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As US Woos Vietnam, Hanoi Remains Tied to China, Experts Say

FILE - Secretary of State Antony Blinken, center left, meets with Vietnam's Communist Party General Secretary Nguyen Phu Trong, center right, in Hanoi, Apr. 15, 2023. Blinken has expressed hope that US-Vietnam ties could be strengthened. (Andrew Harnik/Pool via Reuters)
FILE - Secretary of State Antony Blinken, center left, meets with Vietnam's Communist Party General Secretary Nguyen Phu Trong, center right, in Hanoi, Apr. 15, 2023. Blinken has expressed hope that US-Vietnam ties could be strengthened. (Andrew Harnik/Pool via Reuters)

Efforts by Washington to enlist Vietnam as an ally in its strategic rivalry with China are unlikely to succeed because Hanoi dares not risk angering its larger neighbor, say experts inside and outside of Vietnam.

The outreach by the United States, which this year marks the 10th anniversary of the signing of a comprehensive partnership with Vietnam, has included a phone call by President Joe Biden to Vietnamese Communist Party (VCP) Chief Nguyen Phu Trong in late March, followed by Antony Blinken's first visit to Hanoi as Secretary of State in mid-April.

Biden discussed with Trong the importance of strengthening and extending bilateral ties, according to the White House. Blinken hailed the ties with Vietnam as "one of the most important relationships we've had" and expressed hope it could be strengthened in the future.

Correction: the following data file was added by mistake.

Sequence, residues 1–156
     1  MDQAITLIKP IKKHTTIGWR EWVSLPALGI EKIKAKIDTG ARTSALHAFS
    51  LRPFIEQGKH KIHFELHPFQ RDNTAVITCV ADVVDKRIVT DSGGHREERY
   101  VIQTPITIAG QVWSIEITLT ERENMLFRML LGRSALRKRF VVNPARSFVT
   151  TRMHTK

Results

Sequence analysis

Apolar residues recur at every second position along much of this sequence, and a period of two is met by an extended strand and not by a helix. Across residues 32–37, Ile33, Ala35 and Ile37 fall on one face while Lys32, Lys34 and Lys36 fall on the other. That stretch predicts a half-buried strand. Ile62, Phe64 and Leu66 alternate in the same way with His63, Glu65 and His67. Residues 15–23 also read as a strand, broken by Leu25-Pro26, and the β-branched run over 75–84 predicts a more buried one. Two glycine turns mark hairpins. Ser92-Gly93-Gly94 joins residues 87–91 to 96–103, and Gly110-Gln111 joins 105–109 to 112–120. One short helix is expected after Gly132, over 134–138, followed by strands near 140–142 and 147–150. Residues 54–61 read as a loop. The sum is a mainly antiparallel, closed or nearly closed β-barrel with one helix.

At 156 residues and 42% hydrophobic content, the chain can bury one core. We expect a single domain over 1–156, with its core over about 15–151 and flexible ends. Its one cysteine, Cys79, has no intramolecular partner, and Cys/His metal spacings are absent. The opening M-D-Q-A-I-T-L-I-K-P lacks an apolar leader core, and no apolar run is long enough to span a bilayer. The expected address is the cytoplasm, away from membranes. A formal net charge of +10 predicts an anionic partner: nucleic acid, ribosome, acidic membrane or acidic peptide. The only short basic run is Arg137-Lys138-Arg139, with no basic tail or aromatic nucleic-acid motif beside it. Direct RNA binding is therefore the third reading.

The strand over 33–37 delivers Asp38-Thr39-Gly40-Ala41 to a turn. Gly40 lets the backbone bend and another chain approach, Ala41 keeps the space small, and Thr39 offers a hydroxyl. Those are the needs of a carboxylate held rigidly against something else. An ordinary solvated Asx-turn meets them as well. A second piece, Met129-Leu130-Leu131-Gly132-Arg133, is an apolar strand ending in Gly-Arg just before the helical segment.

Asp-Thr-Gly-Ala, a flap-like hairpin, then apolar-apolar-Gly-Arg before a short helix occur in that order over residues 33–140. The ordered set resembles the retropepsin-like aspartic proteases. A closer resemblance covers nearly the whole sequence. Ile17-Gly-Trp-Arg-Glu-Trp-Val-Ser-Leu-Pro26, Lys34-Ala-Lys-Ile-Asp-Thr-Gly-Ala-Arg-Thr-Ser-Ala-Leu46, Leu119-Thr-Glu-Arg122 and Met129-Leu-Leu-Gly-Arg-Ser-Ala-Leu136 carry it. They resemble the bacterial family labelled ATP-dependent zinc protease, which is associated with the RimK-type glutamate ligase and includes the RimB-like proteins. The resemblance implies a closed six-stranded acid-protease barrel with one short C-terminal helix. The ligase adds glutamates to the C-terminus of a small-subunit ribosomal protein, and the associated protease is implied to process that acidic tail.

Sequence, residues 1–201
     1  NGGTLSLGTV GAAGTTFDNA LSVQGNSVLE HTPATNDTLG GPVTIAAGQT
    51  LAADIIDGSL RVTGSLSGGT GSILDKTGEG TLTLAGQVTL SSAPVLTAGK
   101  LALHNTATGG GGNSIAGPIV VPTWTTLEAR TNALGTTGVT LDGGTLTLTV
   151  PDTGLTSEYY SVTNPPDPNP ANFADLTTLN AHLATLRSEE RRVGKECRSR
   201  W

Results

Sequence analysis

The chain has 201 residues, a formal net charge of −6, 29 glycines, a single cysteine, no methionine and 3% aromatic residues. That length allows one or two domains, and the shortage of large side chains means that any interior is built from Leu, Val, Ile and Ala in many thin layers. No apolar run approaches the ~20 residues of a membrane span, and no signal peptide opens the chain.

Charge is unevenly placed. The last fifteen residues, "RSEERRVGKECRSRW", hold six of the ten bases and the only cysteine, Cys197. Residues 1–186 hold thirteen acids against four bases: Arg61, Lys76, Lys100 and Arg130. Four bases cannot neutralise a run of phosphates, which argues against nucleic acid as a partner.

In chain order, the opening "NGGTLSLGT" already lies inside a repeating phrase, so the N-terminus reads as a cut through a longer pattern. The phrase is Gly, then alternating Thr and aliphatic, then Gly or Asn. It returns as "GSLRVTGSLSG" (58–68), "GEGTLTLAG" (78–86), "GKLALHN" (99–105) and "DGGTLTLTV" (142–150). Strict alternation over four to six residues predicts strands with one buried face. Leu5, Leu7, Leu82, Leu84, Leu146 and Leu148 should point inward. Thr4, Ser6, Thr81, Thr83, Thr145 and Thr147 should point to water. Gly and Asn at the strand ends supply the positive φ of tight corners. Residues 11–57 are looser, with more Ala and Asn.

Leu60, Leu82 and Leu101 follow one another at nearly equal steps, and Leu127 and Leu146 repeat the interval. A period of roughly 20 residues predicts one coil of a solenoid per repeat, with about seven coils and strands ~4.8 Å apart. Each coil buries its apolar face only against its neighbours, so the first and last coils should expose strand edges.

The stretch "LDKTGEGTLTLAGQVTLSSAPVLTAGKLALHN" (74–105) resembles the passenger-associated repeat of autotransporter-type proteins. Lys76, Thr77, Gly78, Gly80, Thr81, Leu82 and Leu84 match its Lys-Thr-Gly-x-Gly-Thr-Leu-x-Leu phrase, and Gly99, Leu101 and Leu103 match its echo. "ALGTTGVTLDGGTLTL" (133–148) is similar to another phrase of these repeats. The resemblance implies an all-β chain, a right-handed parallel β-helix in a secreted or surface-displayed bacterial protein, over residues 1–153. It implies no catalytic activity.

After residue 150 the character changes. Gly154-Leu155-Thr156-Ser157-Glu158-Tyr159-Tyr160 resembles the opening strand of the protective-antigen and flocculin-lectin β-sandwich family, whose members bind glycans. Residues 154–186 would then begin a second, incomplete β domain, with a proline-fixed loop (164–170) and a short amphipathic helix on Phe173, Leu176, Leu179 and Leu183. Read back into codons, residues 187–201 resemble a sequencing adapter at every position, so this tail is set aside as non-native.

'Beijing more confident'

But this year also marks the 15th anniversary of a comprehensive strategic partnership — which carried more diplomatic weight than a comprehensive partnership — between Vietnam and China, the experts pointed out to VOA Vietnamese.

Less than two weeks after Blinken landed in Hanoi, Truong Thi Mai, the secretariat permanent member who is often seen as the de facto deputy VCP chief, led a high-level party delegation to Beijing where she was received by President Xi Jinping.

Xi told Mai he "attached importance to party-to-party and state-to-state relationships between the two countries," while Mai reassured Xi that Hanoi prioritizes development of its relationship with Beijing, according to VietnamPlus, a government-affiliated news site.

"China is much more important to Vietnam than the United States," said Zachary Abuza, a professor at the Washington-based National War College who focuses on Southeast Asian politics and security issues. In an email to VOA Vietnamese, Abuza said the Asian neighbors "will always have fraternal Socialist ties" and Hanoi's worldview is "far more aligned with Beijing's than that of Washington."

Abuza contrasted Trong's three-day visit to Beijing last October, in which he met with a handful of members of China's Politiboro, with the Trong-Biden phone call that "took months and months to organize." Trong was the first foreign leader to meet Xi after the latter secured a third term as secretary-general of the Chinese Communist Party in March.

VOA contacted the Foreign Ministry in Hanoi and the Vietnamese Embassy in Washington for comments on their country's relations with the U.S. and China but received no response.

Trong and Xi have met several times, first in Beijing in 2011 when Xi was still vice president, and five times since. Trong has met Biden just once when he was invited by then-President Barack Obama to the White House in 2015. At the time, then-Vice President Biden hosted Trong for a luncheon at the U.S. Department of State.

During the March call, Biden extended an invitation to Trong for a second visit to the White House, which Trong reportedly accepted, according to Vietnamese press accounts.